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I'm new to the world of rails and test driven development. For TDD, I'm using RSpec and Capybara. Currently, I'm working on a tutorial to learn more about Rails and the author is using following syntaxes:

page.should have_title('All users')
expect(page).to have_selector('li', text: user.name)

Since it seems that both are interchangeable I'm wondering when to use which syntax? Because, for the described case above, I could also write:

page.should have_title('All users')
page.should have_selector('li', text: user.name)

Which basically does the same, right?

Also, when should I use "specify" instead of "it"?

it { should have_link('Sign out', href: signout_path) }
specify { expect(user.reload.name).to eq new_name }

In this case, I could also write:

it { should have_link('Sign out', href: signout_path) }
it { expect(user.reload.name).to eq new_name }

I guess the decision of which one to use is based on what I want to express. Maybe, you can help me out here?!

Thanks!

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3 Answers 3

up vote 7 down vote accepted
page.should have_title('All users')
expect(page).to have_selector('li', text: user.name)

Go with the latter one, it's newer, they're pushing in that direction. I don't know if they have the intent of deprecating the former, but if they do, you won't have to go update all your code.

it { should have_link('Sign out', href: signout_path) }
specify { expect(user.reload.name).to eq new_name }

They are aliases, so just choose the one that makes it clearer. If you name your tests, you will know when to use which (example).

it { should have_link('Sign out', href: signout_path) }

Frankly, I avoid the non-named spec style. It's a bit too magical, making it difficult to reason about, and often requiring acrobatic setup to get the subject to work out correctly. Also, I run my specs with --format documentation, and the auto-generated message is never what I want. In this case, I'd want to say something like it 'has a signout link'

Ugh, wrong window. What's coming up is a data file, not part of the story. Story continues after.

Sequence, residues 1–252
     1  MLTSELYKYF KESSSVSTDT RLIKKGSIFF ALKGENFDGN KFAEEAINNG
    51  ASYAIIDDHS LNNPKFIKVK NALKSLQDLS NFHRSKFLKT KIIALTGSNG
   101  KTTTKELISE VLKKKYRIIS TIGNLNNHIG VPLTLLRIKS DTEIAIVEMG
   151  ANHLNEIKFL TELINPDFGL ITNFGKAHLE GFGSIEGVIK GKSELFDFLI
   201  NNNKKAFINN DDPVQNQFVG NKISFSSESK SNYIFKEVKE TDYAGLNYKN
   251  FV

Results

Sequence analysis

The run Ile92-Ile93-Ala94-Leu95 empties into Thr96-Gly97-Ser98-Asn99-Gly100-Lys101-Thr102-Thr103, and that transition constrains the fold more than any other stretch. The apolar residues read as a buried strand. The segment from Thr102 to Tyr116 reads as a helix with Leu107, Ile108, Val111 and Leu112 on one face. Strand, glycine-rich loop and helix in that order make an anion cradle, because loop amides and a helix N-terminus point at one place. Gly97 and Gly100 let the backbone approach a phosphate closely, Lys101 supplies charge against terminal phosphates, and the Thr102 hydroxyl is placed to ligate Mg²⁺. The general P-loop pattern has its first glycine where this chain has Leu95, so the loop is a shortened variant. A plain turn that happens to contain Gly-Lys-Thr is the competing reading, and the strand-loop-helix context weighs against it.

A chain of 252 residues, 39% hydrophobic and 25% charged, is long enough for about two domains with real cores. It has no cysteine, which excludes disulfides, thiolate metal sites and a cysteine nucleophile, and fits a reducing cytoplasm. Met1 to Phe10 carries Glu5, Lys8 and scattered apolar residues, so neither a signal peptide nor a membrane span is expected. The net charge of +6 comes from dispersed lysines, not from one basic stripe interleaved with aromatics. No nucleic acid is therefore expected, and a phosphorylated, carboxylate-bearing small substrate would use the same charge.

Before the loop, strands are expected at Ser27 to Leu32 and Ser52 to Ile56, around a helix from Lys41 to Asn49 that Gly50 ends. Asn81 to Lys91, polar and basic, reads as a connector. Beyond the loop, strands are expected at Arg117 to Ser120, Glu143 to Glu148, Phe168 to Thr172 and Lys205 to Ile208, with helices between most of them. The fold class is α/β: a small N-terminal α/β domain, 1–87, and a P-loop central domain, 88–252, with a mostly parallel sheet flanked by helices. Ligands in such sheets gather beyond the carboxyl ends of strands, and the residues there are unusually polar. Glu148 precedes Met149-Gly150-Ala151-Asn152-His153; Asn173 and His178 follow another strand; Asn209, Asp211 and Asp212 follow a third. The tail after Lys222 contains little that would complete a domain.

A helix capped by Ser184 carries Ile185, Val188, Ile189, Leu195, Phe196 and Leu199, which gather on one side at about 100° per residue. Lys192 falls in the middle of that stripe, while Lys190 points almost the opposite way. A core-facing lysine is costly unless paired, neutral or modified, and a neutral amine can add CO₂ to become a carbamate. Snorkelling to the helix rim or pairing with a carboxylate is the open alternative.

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Thanks for your answer! I guess I just have get used to the whole tdd thing and also to the syntax in order to get a feeling when which alias to use. btw: the "--format documentation" is pretty nice. –  milchschaum Jul 19 '13 at 11:47

the expect syntax is the new syntax, its also the one that is recommended by the rspec team, see: http://myronmars.to/n/dev-blog/2012/06/rspecs-new-expectation-syntax

Regarding it and specify, see: Difference between an it block and a specify block in RSpec

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The blog link is invaluable. It also helps in explaining how we can disable the use of should altogether on new projects. Good one! –  Gurpreet Jan 5 at 14:10

When you have the same subjects for multiple lines, you could DRY it up using subject and should. Using expect can actually make your code less DRY. See: http://betterspecs.org/#subject

You gave this example:

page.should have_title('All users') 
page.should have_selector('li', text: user.name)

It's better to say:

subject { page }
it { 
  should have_title('All users')
  should have_selector('li', text: user.name)
}

This is interesting because in the betterspecs link above, the preferred way is not to use expect, but to use should in favor of DRY. You can see myronmarston's comment about this here: http://myronmars.to/n/dev-blog/2012/06/rspecs-new-expectation-syntax#comment-564045016

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